|Recently, I’ve been thinking quite a bit about death and dying. I am guessing that I have just lost a great deal of my readership right then and there; but for those who persist, I urge you to hang on. Too often we postpone these conversations until they are absolutely necessary: when we are faced with our own imminent death or the death of a loved one. But I suspect that opening the dialogue before we are enveloped by impending grief may make decisions and conversations less intimidating when the time does come. And come it will.|
Death is both essentially philosophical and deeply personal. As such, there are a seemingly endless number of questions that swirl within its domain: Why does death feel fundamentally negative to us? Is death something to be feared? Is it possible to have a “good” death? What does it look like for me? And what about the afterlife? As I gear up to enter the health profession, I’ve been thinking about how our healthcare system grapples with death.
For the sake of full disclosure, I can’t say that I arrived at this topic by a chance pondering on a sunny day. I just returned from a trip in which I helped moved my grandmother, who has been ailing with cancer for the last several years, into hospice care. It was a dizzying week – we were swept up into a typhoon of paperwork and thrust into the middle of an unsettling standoff between her oncology team, hospital physicians, and the hospice care workers. All the while, my grandmother, suspended between the false hope given by her oncologists and utter exhaustion from the treatment that has ravished her body, suffered from debilitating pain.
Sociologists use the term “medicalization” to describe the creeping influence of the profession of medicine on all areas of human life and society – generally to negative effect. If we reflect on the way our society grapples with death in the modern age, it is difficult to deflect these charges of medicalization. Death has lost its status as an essential and meaningful aspect of life. Instead, the language that we use suggests that we are “at war” with death – cancer must be “conquered,” a physician’s foretelling of how much time a terminal patient has left is something to be “proven wrong.” We have eschewed rituals around caring for those near the end – there is no mainstream equivalent for maternity leave when caring for a dying relative. Instead, we place our loved ones in the hands of medical institutions: hospitals, nursing homes, and hospice care centers.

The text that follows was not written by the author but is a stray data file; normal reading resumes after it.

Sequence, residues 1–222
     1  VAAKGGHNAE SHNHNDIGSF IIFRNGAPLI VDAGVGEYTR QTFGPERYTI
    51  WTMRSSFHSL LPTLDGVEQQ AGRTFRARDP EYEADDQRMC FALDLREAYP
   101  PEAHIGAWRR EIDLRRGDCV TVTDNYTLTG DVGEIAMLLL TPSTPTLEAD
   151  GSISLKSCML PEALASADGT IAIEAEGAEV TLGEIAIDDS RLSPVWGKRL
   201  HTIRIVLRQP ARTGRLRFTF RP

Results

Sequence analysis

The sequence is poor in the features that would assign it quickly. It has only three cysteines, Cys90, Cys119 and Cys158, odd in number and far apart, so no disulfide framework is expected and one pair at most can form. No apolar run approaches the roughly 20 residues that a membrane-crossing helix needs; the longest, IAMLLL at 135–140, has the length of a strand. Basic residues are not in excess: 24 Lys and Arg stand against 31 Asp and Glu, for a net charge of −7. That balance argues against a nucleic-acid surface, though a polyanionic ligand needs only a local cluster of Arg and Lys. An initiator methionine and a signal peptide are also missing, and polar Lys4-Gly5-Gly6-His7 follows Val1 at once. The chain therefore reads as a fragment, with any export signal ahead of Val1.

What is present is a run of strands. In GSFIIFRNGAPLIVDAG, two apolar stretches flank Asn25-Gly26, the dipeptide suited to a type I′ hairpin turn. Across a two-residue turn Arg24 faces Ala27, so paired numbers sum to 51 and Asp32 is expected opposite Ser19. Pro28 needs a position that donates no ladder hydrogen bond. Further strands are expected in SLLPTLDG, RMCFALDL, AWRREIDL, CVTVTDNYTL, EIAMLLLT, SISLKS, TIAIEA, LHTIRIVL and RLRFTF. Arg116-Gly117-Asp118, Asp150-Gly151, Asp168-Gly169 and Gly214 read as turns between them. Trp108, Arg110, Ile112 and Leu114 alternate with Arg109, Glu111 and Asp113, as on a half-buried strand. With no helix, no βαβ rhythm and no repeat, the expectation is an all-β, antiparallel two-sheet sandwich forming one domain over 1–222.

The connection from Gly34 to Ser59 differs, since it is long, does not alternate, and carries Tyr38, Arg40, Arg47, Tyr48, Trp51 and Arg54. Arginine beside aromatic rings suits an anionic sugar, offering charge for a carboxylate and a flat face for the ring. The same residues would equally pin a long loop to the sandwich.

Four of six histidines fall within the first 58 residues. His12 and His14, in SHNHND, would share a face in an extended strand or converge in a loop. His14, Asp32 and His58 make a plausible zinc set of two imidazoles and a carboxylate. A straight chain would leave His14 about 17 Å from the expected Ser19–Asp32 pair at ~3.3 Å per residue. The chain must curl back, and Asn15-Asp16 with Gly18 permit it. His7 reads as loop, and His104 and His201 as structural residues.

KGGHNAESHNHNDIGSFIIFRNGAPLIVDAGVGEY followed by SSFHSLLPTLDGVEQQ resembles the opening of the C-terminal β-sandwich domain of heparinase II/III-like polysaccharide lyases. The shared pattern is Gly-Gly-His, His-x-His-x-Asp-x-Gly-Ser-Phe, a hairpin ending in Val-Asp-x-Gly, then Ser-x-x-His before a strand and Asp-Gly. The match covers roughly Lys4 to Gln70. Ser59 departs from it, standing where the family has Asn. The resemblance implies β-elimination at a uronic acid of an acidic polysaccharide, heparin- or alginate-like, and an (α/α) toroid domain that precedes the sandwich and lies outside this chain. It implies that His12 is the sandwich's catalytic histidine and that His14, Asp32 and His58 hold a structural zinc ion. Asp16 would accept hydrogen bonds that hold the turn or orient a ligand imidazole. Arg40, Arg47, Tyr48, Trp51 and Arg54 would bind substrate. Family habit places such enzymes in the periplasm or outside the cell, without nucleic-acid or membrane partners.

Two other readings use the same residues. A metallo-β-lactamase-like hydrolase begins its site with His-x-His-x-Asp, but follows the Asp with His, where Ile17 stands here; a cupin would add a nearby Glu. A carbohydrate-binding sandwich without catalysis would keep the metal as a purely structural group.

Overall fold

In my musings I don’t intend to place blame on any patients, their family members, or even their physicians. Rather, I get the sense that well-intentioned individuals have been swept up in a health system that has lost self-awareness of its own boundaries. Medicine does not hold the sum total of the human experience within its domain, and is too often motivated by metrics more easily quantifiable than quality of life.
Healthcare must instead distinguish between the process of illness and the process of dying. This is no easy task, as death essentially involves the breakdown of the physical body. But perhaps all cannot simply be reduced to our physical form. Medicine can combat illness by providing curative or comforting treatment that increases one’s quality of life. But when a patient embarks on the process of dying, Medicine must humbly retract its slick, synthetic tubing, its needled fingers, its cytotoxic chemicals, to allow space for the non-physical – for meaning.
|It’s been a couple years at this point, but Japanese Breakfast’s breakout album Soft Sounds from Another Planet (2017) (Spotify, YouTube, Bandcamp) still pops up in my regular listening rotation. The sound of Soft Sounds is cosmic and abstract, even distant; nevertheless, it reads as intensely raw and intimate. Luckily, Japanese Breakfast has satiated my appetite for the time being with a couple singles recorded at the W Hotels Sound Suite in Bali: “Essentially” (Spotify, YouTube), along with a stirring cover of the Tears for Fears hit, “Head Over Heels” (Spotify, YouTube), which tickles my soft spot for New Wave.|
|Enjoy these images from Corso Zundert, a parade of giant, colorful floats carpeted in dahlia flowers (!). Every year since 1936 the floats (constructed entirely by volunteers) have traversed the streets of the tiny town of Zundert, Netherlands.|
|For those who already nurse a bit of aerophobia (fear of flying), this may not be the best recommendation for you. For the rest of us, I found this investigative piece from the Atlantic on the missing Malaysian Airlines flight to be a study in longform journalism. Part mystery, part psychological thriller, part political drama, with some technical stuff thrown in the for the nerds out there, it is well worth your time.|
|Ukiyo-e is a genre of Japanese art popular during the Edo period depicting scenes of ukiyo, a term literally meaning “floating world” which refers to the hedonistic lifestyle characteristic of the time (think sumo wrestling, kabuki, and courtesans). Ukiyoemon Mitomoya has adapted the ukiyo-e style to the modern day, satirizing everything from the banality of white-collar life in Japan to Western politics.|
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